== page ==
Quality: 15/20 Value: 15/20

DOMAINE TRELOAR “MOTUS” 2010 Côtes du Roussillon – 14½% (LSFW – £15)
Only 8% Grenache in this. Blackberry fruit and then an amazing range of non-fruit flavour flavours: damp leaves, meat, leather, spices…. The palate has dark fruit, well balanced grip of tannic warmth and acidity and a lovely, bitter-tinged, dried herbs  finish. Very good!
Quality: 16/20 Value: 16/20

DOMAINE BUNAN BANDOL 2009– 15% (M&S – £15)
About 20% Grenache and 10% Syrah in this wine. Pungent but a quite restrained nose, farmyard, dried fruit and a slightly sharp – balsamic – hint. Palate is sweet fruit and herby tannins, rather rich and one-note, as if made-to-drink. I suppose this is made for a retail price point at M&S and lacks the subtlety and range of the same grower’s Château La Rouvière. A slightly ponderous, but cheap, version of real Bandol though.
Quality: 15/20 Value: 15/20

CHÂTEAU PRADEAUX BANDOL 2006    – 13½% (LSFW – £23)
Only 5% Grenache in this. At first the nose is pungent with farmyard smell, then more damp forest and then higher notes of baking spice, floral hints and even marmalade (?). The nose is so eventful and complex one delays actually tasting the wine. The palate has dry tannins with a lifting acidity and a current of blackberry fruit and a kirsch tinge. Again developing and satisfying, a wine one could spend time with – lovely!
Quality: 18/20   Value: 16/20

A very interesting tasting, from which Leon Stolarski emerges as the hero. Wonderfully pitched wines from him with real character and pleasure, and – reading his notes now – very fairly presented. The group agreed, with most people choosing a Pradeaux (Rosé or Rouge) as top. But we also voted on the best of the three £15 wines (3rd, 4th and 5th served) and the Roussillon: Motus obtained 76% of the votes!

Overall it’s clear that the better wines had some complexity and development in them, changing and evolving new threads of flavour or aroma as time passed. I’ve been seeking Southern Rhone wines with higher proportions of Mourvèdre in the blend for some time – but the final wine gave more light and shade than most comparably priced Chateauneuf… Food for thought!

Until next time…

Mourvèdre is the French (and Catalan) name for the Spanish grape Monastrell. The grape is recorded near Valencia in the 13th Century, and probably originates there.

It is, almost totally, a Mediterranean grape, grown along the East Coast of Spain, and the Mediterranean side of Rousillon, Languedoc and Provence.

The world total production of Mourvèdre is somewhere between that of Riesling and that of Pinot Noir. It seems rather less because most of it – 84% – is grown in Spain as Monastrell. It is the main grape in the Spanish DOs of: Valencia, Almansa, Alicante, Yecla and (most familiarly) Jumilla. Elsewhere it is usually blended.

The grape is declining in Spain, whereas it is increasingly planted in France. Here it has grown ten-fold in the last fifty years and France now accounts for 14% of the world plantings.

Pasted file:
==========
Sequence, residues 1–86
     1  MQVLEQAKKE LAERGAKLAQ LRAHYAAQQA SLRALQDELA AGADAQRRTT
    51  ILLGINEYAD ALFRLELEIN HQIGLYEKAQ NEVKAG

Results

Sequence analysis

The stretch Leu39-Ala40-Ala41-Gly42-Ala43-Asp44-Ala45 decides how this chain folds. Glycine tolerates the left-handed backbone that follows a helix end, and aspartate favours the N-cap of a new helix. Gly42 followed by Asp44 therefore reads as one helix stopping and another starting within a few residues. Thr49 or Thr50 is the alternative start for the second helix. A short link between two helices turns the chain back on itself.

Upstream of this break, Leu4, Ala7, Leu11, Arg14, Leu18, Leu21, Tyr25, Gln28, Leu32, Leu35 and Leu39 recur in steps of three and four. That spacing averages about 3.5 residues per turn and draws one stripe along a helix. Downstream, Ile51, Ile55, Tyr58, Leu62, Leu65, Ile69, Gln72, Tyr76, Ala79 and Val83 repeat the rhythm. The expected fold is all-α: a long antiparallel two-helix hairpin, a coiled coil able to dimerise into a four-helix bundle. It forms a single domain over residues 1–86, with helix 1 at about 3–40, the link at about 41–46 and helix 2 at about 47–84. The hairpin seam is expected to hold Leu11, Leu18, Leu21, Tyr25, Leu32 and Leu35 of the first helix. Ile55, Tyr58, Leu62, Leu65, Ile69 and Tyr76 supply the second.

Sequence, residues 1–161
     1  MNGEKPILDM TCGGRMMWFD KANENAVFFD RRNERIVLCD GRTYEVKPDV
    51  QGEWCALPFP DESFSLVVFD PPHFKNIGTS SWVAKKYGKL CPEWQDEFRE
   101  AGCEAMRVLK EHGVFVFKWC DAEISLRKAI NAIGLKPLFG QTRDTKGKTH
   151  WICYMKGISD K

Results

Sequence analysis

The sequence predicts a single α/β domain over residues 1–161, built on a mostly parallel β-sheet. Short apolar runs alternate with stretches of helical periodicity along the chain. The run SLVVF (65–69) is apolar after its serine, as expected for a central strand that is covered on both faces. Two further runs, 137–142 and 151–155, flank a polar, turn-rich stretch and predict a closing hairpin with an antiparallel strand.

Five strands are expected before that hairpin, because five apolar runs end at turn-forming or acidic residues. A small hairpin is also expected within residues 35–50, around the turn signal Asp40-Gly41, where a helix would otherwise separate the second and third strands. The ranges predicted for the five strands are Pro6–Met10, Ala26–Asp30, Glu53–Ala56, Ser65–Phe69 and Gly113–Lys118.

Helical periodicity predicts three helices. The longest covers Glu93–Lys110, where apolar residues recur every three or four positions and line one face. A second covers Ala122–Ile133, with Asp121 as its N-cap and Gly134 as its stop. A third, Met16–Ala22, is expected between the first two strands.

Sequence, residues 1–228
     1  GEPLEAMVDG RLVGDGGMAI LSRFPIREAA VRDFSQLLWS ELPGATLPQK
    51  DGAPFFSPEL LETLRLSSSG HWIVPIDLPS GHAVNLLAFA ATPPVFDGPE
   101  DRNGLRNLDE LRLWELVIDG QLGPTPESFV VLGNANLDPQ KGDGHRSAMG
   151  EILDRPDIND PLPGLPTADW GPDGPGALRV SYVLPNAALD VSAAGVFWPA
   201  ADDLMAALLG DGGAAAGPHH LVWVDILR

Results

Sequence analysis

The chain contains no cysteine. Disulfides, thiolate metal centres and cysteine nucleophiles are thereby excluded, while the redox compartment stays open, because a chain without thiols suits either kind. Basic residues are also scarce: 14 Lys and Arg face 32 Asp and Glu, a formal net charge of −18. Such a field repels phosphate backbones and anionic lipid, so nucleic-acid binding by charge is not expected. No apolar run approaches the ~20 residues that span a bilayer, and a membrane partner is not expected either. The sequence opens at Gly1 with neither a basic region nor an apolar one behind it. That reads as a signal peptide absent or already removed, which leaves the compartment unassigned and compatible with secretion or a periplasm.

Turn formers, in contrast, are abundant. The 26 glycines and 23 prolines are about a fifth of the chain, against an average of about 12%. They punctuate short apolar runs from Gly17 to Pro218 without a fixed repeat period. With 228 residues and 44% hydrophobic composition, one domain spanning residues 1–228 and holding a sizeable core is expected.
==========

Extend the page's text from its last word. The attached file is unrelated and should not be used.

The New World only accounts for about 2% of the World’s total, principally in Australia (where it is sometimes known by another name of Catalan origin: Mataro) but also in California, Washington and South Africa. In these place one can find some varietal wines but by far the majority are so-called GSM blends (Grenache, Syrah, Mourvèdre), copying famous Southern Rhone styles.

Provence provides the most famous French Mourvèdre-based wines in the form of Bandol. Here Mourvèdre has to be over 50% of the blend in red wines – and is usually over 80%, backed by Grenache or Cinsault and limited amounts of Carignan and/or Syrah.

Bandol is a coastal Village in the Department of Var, where Mourvèdre is increasingly planted and now accounts for 3% of the World’s total, about a quarter of that in the Bandol AC.


The grape is late ripening and likes very warm, but not very dry, breezy, low-altitude plantings with some moisture benefit (clay in the soil, or proximity to the sea) – accounting for its preponderance around the Mediterranean rim.

It has high fragrance: violet, blueberry, blackberry and plum fruit and “meaty” or “gamey” notes. Other notes can include black pepper, tarragon, thyme and other dried herbs – hints of smoke, mocha or chocolate. The wine can produce high alcohol and high tannin wines suitable for aging. When young it can have excessive (reductive or oxygen-starved) sulphury, farmyard notes.

Much of French Mourvèdre’s use is as a minor grape across Southern Rhone and Languedoc reds. Varietal examples are much more likely in Provence and Roussillon… notably of course – in Bandol.

Bandol AC covers a South facing natural amphitheatre stretching from the peaks of the Massif de la Sante-Baume down to the shore of the old fishing village of Bandol itself. The area enjoys 3,000 hours of sunshine a year! The appellation area encompasses eight communes: Bandol, La Cadière d’Azur, Saint-Cyr-sur-mer, Le Castellet, Le Beausset, Ollioules and Sanary

The vines are planted on terraces called “restanqes” on approximately 1,500 hectares (3,700 acres). Approximately two thirds is planted with Mourvèdre, most of the rest with Cinsault, Grenache, Carignan and Syrah and a little (maybe 5%) with white grapes:- Clairette Blanche, Bourboulenc and Ugni Blanc. About 70% of the production is red, most of the rest is Rosé.

The soils in the appellation area are mainly limestone and very pebbly, with sandy marls, sandstone, red or white limestone, clay and sand in places. The main characteristic of the Bandol appellation is the stone-like aridity and low fertility of well-drained, highly calcareous soils. To preserve this character, Bandol appellation area rules only allow plots of land situated on hillsides. The natural dryness of the soils is balanced by the humidity of the air from the sea and by rainfall (600mm/yr on average); the rainfall amount is low, yet high enough to compensate for the water deficit during summer.

While the authorized yield is 40 hectolitres per hectare, good growers often try to keep it within lower yields (25 to 30 hl), so as to express its essence.

For this month’s tasting we will try 6 based wines starting with a Bandol Rosé, red examples from South Africa, Roussillon and Jumilla and 2 Bandols.

One would expect the non-Bandol reds to major on the grape’s juicy berry-fruit elements while the Bandols emphasise the tannins, fragrance and gamey qualities. We will see – there will be a report here in 3 or 4 days.

Until then….

%d bloggers like this: